It has been theorized that acupuncture stimulates small perturbations through singular points that elicit a “rectifying shock or reverberation”, allowing the biological systems associated with those superficial foci on the skin to reset or retune to a more vitally stable state. In the case of a successful implantation of a blastocyst, this “jolt”, by possibly engaging the autonomic nervous system, may temporarily increase the blood flow within the uterus, shift smooth muscle tonus, modify fluid secretions, and up-regulate receptivity to implantation. Maternal hormone corroboration with the newly introduced fetus may have been incited by the auricular acupuncture (²According to the World Health Organization, 43 auricular points have demonstrated therapeutic value, which make up ~10% of the acupuncture points mapped on the body. Although an auricle has no crucial nerves or blood vessels and no significant physiological function other than collecting sound, its morphology is a sensitive indicator of malformations in other organs. Auricular malformations have been observed in maternal diabetes, maternal atherosclerosis, and the following syndromes: Beckwith-Wiedemann, Cri-du-chat, DiGeorge, Edwards, Fragile X, Goldenhar, Noonan, Patau, Potter, Treacher Collins, and Turner. It is recommended in a standard pediatrics textbook that any auricular anomaly should warrant a search for malformations in other parts of the body. Consideration of these facts may provide some enlightenment to the underlying developmental algorithms that allow acupuncture its effect. In ontogeny, the development of organizing centers, accompanied by topological maps of biophysical voltage and molecular gradients, choreographing cell layers to fan out, fold in sheets, and differentiate, precedes the development of the nervous system and other physiological systems.) in those patients who benefited from the treatment.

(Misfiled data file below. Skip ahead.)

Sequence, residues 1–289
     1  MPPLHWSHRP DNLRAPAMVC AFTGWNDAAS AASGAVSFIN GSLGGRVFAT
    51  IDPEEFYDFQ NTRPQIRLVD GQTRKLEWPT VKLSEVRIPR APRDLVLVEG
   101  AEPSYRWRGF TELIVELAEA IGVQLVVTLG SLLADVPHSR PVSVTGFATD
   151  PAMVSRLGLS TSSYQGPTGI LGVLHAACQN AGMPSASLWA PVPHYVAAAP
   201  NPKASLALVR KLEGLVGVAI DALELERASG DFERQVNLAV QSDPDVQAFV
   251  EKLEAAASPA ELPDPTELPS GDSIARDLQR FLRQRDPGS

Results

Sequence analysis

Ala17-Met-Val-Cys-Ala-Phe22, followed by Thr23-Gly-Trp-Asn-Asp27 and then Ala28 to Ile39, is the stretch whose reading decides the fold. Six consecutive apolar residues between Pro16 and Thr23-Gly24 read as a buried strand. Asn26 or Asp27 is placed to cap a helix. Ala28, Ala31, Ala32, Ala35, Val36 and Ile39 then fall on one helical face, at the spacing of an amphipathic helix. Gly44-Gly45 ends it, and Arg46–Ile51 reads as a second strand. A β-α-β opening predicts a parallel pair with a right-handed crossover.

Needless to say, a group of patients are in varying states of readiness for either of the procedures of ART or acupuncture. There is an array of acupuncture treatments that have been successful in overcoming infertility (³Gerhard I, Postneek F. Auricular acupuncture in the treatment of worth investigating. The therapeutic effect can be achieved with various techniques, including needling, electricity, temperature variation, laser, and pressure at critical junctions of meridians upon the skin.